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Korea ranks second on the global education index

Notorious for the amount spent on higher education, Korea reaps the rewards ranking second out of 50 countries by Pearson Education on a new global education index called the Learning Curve.


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Taking the inner city bus is extremely easy once you get the hang of it! Bus maps are available at the local information center. You can pay the fare by cash or by buying a transport card at any local convenience store. Buses are mainly used by students and the elderly and have limited seating so you may have to stand during peak hours.

FARE: A flat rate of 1,000 won (50p / $1)

TIP: Hold on for your life!

Transport in Korea

Inner City Bus



Inter City Buses


Korean has an excellent rail network connecting the large and medium size cities. There are two kinds of trains; the KTX (Korean Train Express) or the slightly cheaper normal service. Both trains are clean, safe, and efficient. They sell snacks, are air-conditioned, have washrooms and are one of the fastest ways to travel inter city. Trains are slightly more expensive than the inter city buses but are worth the extra if you’re looking to get to your destination quickly. To give you an example, Seoul to Busan takes 4:20 mins by express bus whereas the KTX takes 2:30 mins.

FARE: Seoul to Busan is 53,300 (£27 / $50) by KTX

TIP: If you plan to travel by train on weekend reserve your ticket online to get a seat: KTX website in English

Travelling between cities couldn’t be easier than using one of the inter-city express buses. Each city has at least one bus terminal offering cheap, regular and comfortable buses. You’ll have large reclining leather seats, air-conditioning and TV's (although you will need to home in on your Korean skills to make sense of what’s on). Buses leave for the large and medium size cities every 10-20 minutes. Journeys of over two hours will include a short break at the service station but be sure to remember the bus you are riding so as not to end up in the wrong place.

FARE: Seoul to Busan will set you back between 22,000 - 38,000 won (£11 - £19 / $20 - $40) depending on the bus and size of the seat

TIP: Do not be late! Buses leave on the dot so so if you arrive one minute after the scheduled departure you will miss your bus.

Taxis are a common means of transport for foreigners in smaller cities where traffic is not such an issue. They are reliable, fairly cheap and a comfortable way to get around. They can be called in advance or flagged down on the street. Be aware that the majority of taxi drivers don’t speak English so you should prepare to say your destination in Korean or have it written on a piece of paper to show the driver. Drivers are generally very honest and will try their best to get you to your destination using the most direct route as quickly as possible.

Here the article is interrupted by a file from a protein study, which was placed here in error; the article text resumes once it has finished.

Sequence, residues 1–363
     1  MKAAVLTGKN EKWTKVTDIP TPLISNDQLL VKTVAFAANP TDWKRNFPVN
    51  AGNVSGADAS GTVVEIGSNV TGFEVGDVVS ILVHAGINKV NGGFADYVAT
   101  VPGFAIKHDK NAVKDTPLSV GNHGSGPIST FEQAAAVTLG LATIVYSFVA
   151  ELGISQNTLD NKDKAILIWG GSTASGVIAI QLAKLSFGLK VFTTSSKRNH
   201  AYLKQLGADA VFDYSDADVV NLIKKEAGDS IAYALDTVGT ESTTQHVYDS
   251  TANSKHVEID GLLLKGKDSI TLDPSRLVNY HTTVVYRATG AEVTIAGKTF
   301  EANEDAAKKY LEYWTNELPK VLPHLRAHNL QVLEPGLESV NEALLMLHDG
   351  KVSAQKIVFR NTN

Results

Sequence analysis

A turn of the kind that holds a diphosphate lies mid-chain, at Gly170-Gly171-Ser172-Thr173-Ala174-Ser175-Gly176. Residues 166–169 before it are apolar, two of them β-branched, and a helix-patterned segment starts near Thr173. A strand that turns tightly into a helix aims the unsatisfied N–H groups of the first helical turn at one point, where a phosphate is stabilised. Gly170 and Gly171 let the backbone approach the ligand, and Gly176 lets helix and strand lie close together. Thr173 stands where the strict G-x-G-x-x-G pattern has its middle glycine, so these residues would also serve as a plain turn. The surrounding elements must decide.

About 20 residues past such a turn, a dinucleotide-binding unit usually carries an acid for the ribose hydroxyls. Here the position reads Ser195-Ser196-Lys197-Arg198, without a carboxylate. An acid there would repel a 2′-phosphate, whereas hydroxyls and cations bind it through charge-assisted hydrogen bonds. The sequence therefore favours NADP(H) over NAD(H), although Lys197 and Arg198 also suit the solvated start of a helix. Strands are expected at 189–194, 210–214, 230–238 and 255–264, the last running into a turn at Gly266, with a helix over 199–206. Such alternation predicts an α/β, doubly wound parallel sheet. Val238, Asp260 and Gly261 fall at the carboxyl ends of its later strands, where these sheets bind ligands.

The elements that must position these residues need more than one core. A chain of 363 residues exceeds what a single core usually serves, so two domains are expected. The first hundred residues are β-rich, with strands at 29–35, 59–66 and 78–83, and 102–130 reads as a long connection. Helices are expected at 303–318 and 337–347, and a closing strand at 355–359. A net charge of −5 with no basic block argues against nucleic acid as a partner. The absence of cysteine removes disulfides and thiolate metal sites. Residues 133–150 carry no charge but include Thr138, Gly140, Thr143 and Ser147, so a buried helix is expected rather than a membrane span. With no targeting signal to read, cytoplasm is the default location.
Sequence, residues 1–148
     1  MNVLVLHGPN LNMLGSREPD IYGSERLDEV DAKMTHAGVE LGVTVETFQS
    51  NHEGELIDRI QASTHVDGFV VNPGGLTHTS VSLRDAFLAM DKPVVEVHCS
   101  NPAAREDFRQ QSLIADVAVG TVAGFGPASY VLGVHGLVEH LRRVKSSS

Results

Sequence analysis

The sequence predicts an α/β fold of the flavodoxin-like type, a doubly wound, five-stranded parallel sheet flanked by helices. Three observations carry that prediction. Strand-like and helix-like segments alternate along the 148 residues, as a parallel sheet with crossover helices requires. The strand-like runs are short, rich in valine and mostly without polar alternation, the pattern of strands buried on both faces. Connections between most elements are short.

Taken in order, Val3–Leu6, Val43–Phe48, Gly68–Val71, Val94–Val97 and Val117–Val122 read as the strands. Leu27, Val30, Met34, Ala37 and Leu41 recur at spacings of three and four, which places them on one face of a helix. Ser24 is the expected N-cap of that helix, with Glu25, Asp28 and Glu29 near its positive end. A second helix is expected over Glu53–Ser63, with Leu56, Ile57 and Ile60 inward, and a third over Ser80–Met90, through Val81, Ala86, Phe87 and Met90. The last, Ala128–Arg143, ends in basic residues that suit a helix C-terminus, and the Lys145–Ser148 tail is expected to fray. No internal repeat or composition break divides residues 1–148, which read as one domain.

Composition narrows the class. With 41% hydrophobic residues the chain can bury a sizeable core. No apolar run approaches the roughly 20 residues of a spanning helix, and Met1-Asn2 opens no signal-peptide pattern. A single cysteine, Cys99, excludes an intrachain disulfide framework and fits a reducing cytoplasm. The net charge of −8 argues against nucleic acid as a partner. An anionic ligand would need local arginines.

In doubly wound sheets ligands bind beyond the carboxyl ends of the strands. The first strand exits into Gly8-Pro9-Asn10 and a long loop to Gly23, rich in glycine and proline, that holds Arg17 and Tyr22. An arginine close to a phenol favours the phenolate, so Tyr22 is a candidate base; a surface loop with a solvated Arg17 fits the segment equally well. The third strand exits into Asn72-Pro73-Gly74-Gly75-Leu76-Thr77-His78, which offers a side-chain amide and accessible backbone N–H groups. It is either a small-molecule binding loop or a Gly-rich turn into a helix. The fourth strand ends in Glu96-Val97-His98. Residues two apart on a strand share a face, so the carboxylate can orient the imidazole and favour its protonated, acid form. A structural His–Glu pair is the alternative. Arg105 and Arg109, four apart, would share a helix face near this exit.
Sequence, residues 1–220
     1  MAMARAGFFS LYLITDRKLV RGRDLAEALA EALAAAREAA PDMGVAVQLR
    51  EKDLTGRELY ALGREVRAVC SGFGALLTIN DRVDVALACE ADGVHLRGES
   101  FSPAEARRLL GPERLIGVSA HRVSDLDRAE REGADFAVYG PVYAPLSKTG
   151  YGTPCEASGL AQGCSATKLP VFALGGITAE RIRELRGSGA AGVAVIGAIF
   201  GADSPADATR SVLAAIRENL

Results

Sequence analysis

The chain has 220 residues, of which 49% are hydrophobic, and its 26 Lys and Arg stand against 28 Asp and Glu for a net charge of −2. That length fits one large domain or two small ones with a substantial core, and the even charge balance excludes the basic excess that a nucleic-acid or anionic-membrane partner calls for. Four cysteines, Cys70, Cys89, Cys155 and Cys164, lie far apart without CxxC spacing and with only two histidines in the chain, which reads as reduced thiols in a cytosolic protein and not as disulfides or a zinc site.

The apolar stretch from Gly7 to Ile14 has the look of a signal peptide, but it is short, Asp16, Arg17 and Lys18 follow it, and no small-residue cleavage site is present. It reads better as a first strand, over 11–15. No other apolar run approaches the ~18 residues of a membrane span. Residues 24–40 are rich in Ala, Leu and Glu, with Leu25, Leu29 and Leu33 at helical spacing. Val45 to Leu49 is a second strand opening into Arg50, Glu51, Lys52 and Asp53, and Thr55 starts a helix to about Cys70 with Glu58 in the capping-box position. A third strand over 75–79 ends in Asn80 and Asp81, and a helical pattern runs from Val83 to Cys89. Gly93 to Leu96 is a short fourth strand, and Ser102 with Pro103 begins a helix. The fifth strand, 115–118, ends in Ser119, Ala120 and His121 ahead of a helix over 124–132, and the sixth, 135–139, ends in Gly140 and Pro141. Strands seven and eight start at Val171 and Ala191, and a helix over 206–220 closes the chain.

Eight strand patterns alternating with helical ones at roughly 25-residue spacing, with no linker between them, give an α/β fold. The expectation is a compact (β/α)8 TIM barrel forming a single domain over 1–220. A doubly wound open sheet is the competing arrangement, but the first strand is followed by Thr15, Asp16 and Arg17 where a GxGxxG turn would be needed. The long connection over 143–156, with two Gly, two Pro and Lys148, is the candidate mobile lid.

There are 2 kinds of taxis; basic taxis which are usually silver or white with fares starting around 2,300 - 2,600 depending on the city. Or black taxis which found in the larger cities, the cars have cell phones and will give you a printed receipt. Fares start around 4,500 won but the extra isn’t really worth it so I advise you stick to the cheaper option

FARE: Expect to pay around 10,000 won (£5 / $10) for a 10 km journey, traffic permitting!

TIP: There is no need to tip the driver in Korea and it can be considered rude to do so.

A subway system can be found in the largest cities: Seoul, Busan, Incheon, Daegu, Daejon and Gwangju. They are a cheap, reliable, clean and safe means of transport allowing you to avoid traffic jams and reach your destination quickly. The trains start at around 5am in the morning and can be taken as late as 11pm at night depending on where you are taking it from.

FARE: starting from 1,000 won up to 1,800 won (50p-90p / $1)

TIP: Download the App ‘Jihachul’ to your smart phone to help with navigating. During rush hour be prepared to fight your way onto the carriage!